1. The ability to access a wide range of currencies without holding multiple currency accounts or relying on the beneficiary bank for conversion;
  2. Management of the conversion and settlement process, with respect to FX pricing execution and access to the market when it is open to optimise liquidity;
  3. Navigation of local market requirements, such as documentation and purpose of payment details; and
  4. Reconciliation – automated management of incoming receipts (conversion and crediting).

Across individual payments, extra processing time or a gap in visibility may not seem overly problematic, but multiplied against thousands of payment runs a week, the consequences can be severe.

As the potential of technology grows and the processing power of payments and dealing platforms becomes immediate, the expectation of service is evolving so that critical parts of the FX transaction lifecycle are developed to consistently and transparently execute, eliminating unnecessary effort, costs and operational risks.

These integrated, automated, straight-through-processing (STP) solutions must provide: 

  • Flexible processing wherein preferred currencies can be accessed as required and payments can be executed against real-time rates within market hours;
  • Confidence in ability to scale without risk of lowered standards and quality;
  • Enterprise-wide, in-depth FX risk management capability and policies; and
  • Transparency, control and compliance.

Devil in the data

With increased focus on cost management, shareholder return and compliance, clients are increasingly expecting their banking partners to use the potential of ‘big data’ to provide transparency into their FX activities and provide grounding for related strategic decision-making.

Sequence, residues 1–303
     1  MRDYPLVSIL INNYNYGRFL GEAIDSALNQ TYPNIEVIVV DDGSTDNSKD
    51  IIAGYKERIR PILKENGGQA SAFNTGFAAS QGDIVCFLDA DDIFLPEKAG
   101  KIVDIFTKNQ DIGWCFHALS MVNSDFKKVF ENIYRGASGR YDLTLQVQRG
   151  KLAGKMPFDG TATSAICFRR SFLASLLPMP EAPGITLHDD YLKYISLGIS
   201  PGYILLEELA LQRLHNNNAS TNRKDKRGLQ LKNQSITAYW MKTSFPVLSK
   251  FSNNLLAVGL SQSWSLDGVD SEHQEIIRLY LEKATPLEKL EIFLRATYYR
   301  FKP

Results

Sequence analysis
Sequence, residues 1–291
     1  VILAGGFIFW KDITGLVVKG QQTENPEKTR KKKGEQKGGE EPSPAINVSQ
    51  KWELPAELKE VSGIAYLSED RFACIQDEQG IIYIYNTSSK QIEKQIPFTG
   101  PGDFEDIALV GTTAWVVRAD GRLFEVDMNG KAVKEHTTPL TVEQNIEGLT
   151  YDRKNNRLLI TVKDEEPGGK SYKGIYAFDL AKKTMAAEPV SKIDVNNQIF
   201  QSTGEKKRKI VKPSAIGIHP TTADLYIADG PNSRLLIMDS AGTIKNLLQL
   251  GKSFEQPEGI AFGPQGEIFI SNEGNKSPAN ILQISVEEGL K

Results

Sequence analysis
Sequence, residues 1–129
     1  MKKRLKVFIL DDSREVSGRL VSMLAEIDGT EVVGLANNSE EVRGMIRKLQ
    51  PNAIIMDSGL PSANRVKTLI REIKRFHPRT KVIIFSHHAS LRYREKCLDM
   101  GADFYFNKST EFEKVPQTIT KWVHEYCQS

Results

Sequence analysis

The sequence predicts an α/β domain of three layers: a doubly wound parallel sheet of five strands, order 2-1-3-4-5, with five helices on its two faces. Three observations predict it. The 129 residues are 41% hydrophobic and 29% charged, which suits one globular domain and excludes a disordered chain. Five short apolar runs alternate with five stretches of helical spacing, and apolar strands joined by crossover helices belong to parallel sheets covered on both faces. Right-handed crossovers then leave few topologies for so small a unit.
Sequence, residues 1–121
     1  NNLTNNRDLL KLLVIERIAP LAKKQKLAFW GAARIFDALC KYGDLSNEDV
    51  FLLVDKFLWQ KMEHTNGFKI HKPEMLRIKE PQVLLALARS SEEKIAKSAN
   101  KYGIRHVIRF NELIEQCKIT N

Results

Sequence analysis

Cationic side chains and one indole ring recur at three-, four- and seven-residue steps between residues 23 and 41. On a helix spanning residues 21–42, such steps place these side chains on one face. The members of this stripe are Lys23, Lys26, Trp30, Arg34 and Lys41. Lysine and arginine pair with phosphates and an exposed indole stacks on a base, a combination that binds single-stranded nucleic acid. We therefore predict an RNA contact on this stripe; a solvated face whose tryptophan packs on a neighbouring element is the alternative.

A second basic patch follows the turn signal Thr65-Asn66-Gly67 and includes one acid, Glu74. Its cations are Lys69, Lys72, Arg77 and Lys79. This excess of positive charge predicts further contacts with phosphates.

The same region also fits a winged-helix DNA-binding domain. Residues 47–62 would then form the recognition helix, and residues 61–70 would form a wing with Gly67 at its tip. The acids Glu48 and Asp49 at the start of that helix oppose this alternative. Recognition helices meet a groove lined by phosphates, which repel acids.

Let us take the example of a global shipping and logistics company with significant trade flows between Europe and Asia. Through four segments of data analysis, this corporate could easily identify an opportunity for workflow efficiencies and cost reductions:

  • Hard currency analysis. This is the alignment between currency flows and beneficiary countries. Where there was an identified mismatch (payments in non-local currencies), the client could then decide if the flow was necessary or required amending. Payments in non-local currencies often come with higher costs due to conversion fees and embedded FX buffers. 
  • Transaction optimisation analysis. This identified where the beneficiaries were being paid in multiple currencies to the same account. 
  • A market hours analysis revealed that more than 90% of their flows into Asia capital controlled markets were remitted outside of local market hours, thus incurring overnight fixed rates. These rates factor in potential FX market movements until the onshore local market reopens (causing the bid-ask spread to widen). 
  • A transaction cost analysis provided insight into executions and rates, providing the client with data on expected versus achieved performance.

In delivering tailored, client-specific analysis spanning behavioural, operational and FX workflow, treasury partners are better equipped to take more effective decisions about where, when and how they can most effectively manage their FX.

Tomorrow’s treasury

With clients already reaping the benefits of these types of emerging analysis, foreign exchange risk management is becoming ever more embedded into the core workflow of modern-day corporate treasury operations. Automated solutions and data-driven insights such as these are fundamental in providing treasurers with confidence in their cross-border, cross-currency payments and receipts.

Johnny Grimes is Director of GTB FX Sales and Execution and Cara Renze is Assistant Vice President of Corporate Cash Management at Deutsche Bank


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Sources:

1 Available to clients and due for publication on
https://www2.deloitte.com
2 See http://bit.ly/2bXuEHB at deloitte.com
3 See Chapter 13 of the London Institute of Banking and Finance Guide to International Trade and Finance (2016)
4 See
http://bit.ly/2xD2b2F at treasurers.org